WebRTC World Feature Article

February 21, 2013

Web Design is Improved through Responsive Typography, Many Compromises


Web and app design are seeing improvements through the field of responsive typography – as well as by making many compromises.

Overall, responsive design is understood as attempts to best display content on each device, according to The Next Web. In addition, responsive typography can be understood as an attempt to create type legibility on different devices.

Responsive typography with WebRTC (Web Real-Time Communication) is considered a basic way to improve user experiences with devices.

For starters, recall that the building of websites is often started by defining body text, according to a report from Web Exedition.18. One important factor is the width of the main column. Also, there are different screen sizes and resolutions. Responsive typography relates to type responding to changes in screen size, the report explains.

More recently, Web designer Marko Dugonjic argues that responsive typography can be improved through how far a user is from a computer screen, and the font size then gets adjusted accordingly.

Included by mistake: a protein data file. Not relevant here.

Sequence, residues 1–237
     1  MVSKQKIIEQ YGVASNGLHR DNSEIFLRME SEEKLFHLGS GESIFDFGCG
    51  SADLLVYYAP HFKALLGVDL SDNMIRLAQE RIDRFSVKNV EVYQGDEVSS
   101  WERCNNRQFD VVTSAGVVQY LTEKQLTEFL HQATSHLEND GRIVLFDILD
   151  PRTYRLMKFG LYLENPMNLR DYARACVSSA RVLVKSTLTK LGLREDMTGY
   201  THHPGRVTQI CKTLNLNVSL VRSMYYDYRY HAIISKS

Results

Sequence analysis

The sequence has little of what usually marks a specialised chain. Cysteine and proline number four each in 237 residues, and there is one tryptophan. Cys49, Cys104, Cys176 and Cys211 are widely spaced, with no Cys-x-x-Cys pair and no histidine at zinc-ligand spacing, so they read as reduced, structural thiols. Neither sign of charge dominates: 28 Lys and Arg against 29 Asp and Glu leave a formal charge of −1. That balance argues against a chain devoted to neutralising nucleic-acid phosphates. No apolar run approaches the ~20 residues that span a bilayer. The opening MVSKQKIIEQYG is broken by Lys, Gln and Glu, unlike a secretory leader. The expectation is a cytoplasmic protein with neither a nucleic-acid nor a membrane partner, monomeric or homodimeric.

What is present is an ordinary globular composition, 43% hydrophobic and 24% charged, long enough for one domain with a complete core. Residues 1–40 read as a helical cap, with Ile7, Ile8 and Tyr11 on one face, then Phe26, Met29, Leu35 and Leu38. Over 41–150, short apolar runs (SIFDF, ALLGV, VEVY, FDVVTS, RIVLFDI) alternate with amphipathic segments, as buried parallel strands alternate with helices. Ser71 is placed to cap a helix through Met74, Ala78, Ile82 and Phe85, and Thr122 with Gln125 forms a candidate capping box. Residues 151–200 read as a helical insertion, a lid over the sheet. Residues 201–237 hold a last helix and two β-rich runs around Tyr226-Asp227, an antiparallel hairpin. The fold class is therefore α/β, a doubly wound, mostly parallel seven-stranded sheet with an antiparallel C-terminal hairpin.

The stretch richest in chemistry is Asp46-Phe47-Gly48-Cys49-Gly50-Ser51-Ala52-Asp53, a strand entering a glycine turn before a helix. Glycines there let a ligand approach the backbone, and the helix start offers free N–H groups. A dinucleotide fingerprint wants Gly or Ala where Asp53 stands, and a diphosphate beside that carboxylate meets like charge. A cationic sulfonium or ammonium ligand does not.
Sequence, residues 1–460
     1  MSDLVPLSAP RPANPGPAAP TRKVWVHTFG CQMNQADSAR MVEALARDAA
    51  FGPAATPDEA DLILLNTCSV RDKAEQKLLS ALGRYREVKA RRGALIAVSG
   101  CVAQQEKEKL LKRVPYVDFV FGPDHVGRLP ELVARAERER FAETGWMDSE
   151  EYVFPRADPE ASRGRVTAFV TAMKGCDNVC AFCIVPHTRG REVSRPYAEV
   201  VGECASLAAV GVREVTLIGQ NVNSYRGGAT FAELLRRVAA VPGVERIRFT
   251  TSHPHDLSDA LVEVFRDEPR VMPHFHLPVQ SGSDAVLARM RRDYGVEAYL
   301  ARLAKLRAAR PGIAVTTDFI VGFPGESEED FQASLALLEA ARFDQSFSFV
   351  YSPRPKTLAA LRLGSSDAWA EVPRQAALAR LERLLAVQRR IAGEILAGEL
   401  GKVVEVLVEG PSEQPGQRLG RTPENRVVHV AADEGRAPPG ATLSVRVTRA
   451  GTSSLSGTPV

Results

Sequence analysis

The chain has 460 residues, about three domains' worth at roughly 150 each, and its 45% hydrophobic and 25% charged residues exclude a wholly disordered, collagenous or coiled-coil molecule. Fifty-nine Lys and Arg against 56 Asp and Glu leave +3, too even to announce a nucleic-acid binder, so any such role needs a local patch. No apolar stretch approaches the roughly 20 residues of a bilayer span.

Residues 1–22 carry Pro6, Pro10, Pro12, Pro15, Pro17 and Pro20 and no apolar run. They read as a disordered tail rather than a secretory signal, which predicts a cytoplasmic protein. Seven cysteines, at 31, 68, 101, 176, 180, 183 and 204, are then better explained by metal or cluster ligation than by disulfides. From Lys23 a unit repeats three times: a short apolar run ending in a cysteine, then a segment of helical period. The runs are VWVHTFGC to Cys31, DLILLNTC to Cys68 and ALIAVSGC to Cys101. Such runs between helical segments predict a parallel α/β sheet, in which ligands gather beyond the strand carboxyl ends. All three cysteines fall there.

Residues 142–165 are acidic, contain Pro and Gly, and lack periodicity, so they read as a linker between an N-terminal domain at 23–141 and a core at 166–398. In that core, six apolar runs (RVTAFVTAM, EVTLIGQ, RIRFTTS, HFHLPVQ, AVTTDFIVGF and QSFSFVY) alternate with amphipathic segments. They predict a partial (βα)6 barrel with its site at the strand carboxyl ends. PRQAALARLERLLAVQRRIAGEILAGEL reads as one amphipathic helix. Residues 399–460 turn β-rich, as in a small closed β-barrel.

“In order to achieve the perfect experience, we’d have to make the device aware of the user’s exact needs and then adjust the screen to match any given reader-device relationship. The idea to track proximity between the user and the screen has probably lingered in the minds of many people in the industry,” Dugonjic said in a recent report from Hacks.Mozilla.org.

In addition, responsive Web design leads to a “layout,” which “automatically adapts to the screen definition,” according to a blog post from Information Architects. Responsive design addresses responsive typography variables such as type size, the height of line, and the width of columns.

“While graphic design requires and allows you a great degree of graphic control, Web design requires you to think about compromises between visual design and technology from the very beginning,” the Information Architects blog added. “To get the optimal results you need to explore a lot of different solutions, each with its own pros and cons and try(ing to) find the best compromise among all the suboptimal choice.”

This need for compromise is key. “In the process of designing websites and apps, a lot of what we do is thinking about compromises and trying to find solutions that do not have too many downsides,” the blog post said.




Edited by Rachel Ramsey




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